Poor handwriting is something that every child has when they are first learning how to write. But, what happens when it becomes a constant problem well past the appropriate age?
Is your child having a hard time forming the letters of the alphabet? If you are past that stage, are they forming those letters way too big or forgetting to put space in between their words?
With so many factors that go into creating neat handwriting, it can be hard to figure out where to start. But, that’s why you are here because you want to know how to improve handwriting in your child.
With so many resources out there such as handwriting worksheets and handwriting exercises, fixing poor handwriting should be easy. But it is not always that simple.
Without the proper teaching and evaluation techniques, those worksheets and exercises tend to become useless for a lot of children with learning disabilities.
And depending on the age of your child and the handwriting problem that is occurring, seeking outside assistance may be your answer to how to improve handwriting.
So in this post, I have explained how to improve handwriting through the use of an OT (occupational therapist). I’m discussing what usually causes poor handwriting in children, and how working with an occupational therapist can help eliminate many handwriting issues.
Let’s get to it!
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An occupational therapist works with children in the school system (elementary in my case) to help improve handwriting difficulties such as:
- Letter formation
- Spacing issue or spatial issues on the page
- Writing on the baseline
- Letter sizing
- Holding the paper with one hand while using the other hand for writing (bilateral coordination)
- Motor control (holding/ writing with the pencil)
- Pencil pressure (writing either too dark or light)
- Proper body positioning while writing
When trying to figure out how to improve handwriting in children the first step is to figure out what is causing the problem. This is where an OT comes in handy. By providing age-appropriate assessments, they can better understand how to improve handwriting.
The therapist is looking to find out what your child’s strengths and weaknesses are. Once that information is gathered, the therapist then uses your child’s strengths to help them improve their handwriting through various strategies and evidence-based practices.
For example, based on your child’s age they should be forming certain stokes and shapes before they are ever required or expected to write words. (see chart below)
What causes poor handwriting in children?
Fine motor deficits
Majority of the time a lack of fine motor skills directly affects the child’s ability to write neatly. The child may not have fully developed them due to age or exposure.
Or, the child may have difficulty manipulating the writing utensil in their hand. Either way, being underdeveloped or having difficulty with in-hand manipulation affects how a child forms letters.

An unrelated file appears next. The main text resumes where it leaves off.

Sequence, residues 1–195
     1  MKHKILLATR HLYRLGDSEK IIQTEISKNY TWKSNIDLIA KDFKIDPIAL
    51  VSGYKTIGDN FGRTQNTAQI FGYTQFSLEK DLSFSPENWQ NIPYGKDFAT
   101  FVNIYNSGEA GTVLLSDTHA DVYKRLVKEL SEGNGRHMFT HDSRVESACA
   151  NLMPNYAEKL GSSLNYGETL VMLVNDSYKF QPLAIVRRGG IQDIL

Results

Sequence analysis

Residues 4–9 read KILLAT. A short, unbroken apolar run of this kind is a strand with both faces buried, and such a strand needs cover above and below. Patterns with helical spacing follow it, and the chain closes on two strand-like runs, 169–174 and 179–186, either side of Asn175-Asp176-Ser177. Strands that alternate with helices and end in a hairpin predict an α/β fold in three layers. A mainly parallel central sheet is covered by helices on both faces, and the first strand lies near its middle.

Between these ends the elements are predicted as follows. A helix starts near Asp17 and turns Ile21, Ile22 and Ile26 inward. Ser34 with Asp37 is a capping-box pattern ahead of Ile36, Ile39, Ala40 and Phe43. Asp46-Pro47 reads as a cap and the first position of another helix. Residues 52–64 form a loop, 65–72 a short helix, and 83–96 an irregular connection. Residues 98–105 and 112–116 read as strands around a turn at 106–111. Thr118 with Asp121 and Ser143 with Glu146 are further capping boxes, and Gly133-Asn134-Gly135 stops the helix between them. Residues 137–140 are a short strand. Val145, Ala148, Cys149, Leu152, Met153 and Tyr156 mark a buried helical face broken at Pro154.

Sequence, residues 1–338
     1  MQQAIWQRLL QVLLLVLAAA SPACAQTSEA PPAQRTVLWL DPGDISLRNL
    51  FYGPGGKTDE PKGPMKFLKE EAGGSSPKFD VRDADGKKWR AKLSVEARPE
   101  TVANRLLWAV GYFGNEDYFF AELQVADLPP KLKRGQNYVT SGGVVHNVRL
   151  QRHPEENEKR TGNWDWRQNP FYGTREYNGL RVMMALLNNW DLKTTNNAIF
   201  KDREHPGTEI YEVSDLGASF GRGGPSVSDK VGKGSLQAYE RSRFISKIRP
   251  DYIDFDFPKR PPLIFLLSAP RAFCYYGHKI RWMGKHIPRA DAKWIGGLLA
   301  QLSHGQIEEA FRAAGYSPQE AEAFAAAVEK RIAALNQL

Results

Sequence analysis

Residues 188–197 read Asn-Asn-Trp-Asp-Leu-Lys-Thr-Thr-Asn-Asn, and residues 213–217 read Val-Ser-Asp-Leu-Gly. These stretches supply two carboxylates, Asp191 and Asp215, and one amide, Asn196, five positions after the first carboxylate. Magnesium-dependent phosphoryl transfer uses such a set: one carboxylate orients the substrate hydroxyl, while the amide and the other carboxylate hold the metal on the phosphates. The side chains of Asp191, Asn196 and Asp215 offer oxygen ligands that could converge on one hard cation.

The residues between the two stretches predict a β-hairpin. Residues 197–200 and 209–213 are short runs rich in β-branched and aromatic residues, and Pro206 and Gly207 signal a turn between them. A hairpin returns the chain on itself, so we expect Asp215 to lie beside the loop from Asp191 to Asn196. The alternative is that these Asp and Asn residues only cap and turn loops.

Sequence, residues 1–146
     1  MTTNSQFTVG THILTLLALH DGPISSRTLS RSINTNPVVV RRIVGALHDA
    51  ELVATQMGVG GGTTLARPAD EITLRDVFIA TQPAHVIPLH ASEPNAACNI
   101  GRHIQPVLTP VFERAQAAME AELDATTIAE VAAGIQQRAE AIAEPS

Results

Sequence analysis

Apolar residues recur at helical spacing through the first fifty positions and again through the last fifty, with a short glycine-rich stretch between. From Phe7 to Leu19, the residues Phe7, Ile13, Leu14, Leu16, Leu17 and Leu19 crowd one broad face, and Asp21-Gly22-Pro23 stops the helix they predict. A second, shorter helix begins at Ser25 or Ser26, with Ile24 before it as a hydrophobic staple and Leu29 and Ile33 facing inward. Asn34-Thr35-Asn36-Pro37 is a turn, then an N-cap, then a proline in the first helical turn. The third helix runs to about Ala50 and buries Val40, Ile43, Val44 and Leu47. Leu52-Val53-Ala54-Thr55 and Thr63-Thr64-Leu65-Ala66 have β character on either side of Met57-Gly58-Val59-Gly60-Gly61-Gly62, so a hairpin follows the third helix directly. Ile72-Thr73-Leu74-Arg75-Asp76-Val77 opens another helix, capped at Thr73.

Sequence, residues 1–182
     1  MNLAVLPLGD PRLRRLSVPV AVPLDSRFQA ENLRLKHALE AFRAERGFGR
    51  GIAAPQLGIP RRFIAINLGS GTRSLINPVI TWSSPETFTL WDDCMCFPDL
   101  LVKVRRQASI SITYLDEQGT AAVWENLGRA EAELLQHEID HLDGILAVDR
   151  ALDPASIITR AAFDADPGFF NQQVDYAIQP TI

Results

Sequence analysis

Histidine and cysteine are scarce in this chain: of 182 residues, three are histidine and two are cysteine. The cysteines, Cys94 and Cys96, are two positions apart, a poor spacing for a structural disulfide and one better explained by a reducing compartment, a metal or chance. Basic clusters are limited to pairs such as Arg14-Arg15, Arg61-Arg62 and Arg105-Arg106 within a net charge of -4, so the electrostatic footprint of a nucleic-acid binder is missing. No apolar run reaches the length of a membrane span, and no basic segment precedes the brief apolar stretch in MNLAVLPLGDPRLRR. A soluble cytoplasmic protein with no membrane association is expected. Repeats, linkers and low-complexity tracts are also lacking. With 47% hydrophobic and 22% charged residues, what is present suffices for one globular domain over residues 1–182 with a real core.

Lack of attention
This is a big one and is expected especially in young children. Lack of attention may be due to various reasons and the first is to find out why the child is not paying attention.
It may be due to their diagnosis (autism or ADHD) or simply boredom. The child may have sensory needs that need to be regulated before they can focus.
Depending on the need and the student they may need a sensory break, like the one I discussed in 5 easy ways to increase focus in a virtual class.
Your child may require a seated sensory cushion if they are having trouble staying seated and focused (these work great for children with ADHD). Or they simply may need a different teaching approach, such as video modeling.
I shared a great video modeling program in my 10 easy ways to improve handwriting post.
Lack of motivation
Maybe your child is not feeling motivated to learn or improve handwriting. When a child is not motivated it can be a challenge. This is where we as teachers have to take a different approach.
Just as in 10 ways to improve handwriting, we have to teach them to write without using the pencil and paper technique. We have to find creative ways to not let them give up by using their favorite toys, games, or fingers for some messy learning!
Unfornatuatly, at times it is always not the child’s fault. So before focusing on what the child needs to improve, we at times need to improve our methods of teaching.
You can always ask yourself a few questions to figure out if a change is needed. Start with, Is this the best teaching method for my child? You can find out which teaching method works best for your child here.
Is the lesson entertaining? etc. Observing, providing sensory regulation, and changing teaching methods is what happens in OT and what helps to improve handwriting overall.
How to improve handwriting through OT?
Handwriting is one of the first things that children learn when entering school. This is what allows children to be functional in school and is required in almost all assignments.
For some children to be successful in school, handwriting needs to be addressed. But, for some children, this is not a simple process and occupational therapy services are needed to address the following deficits: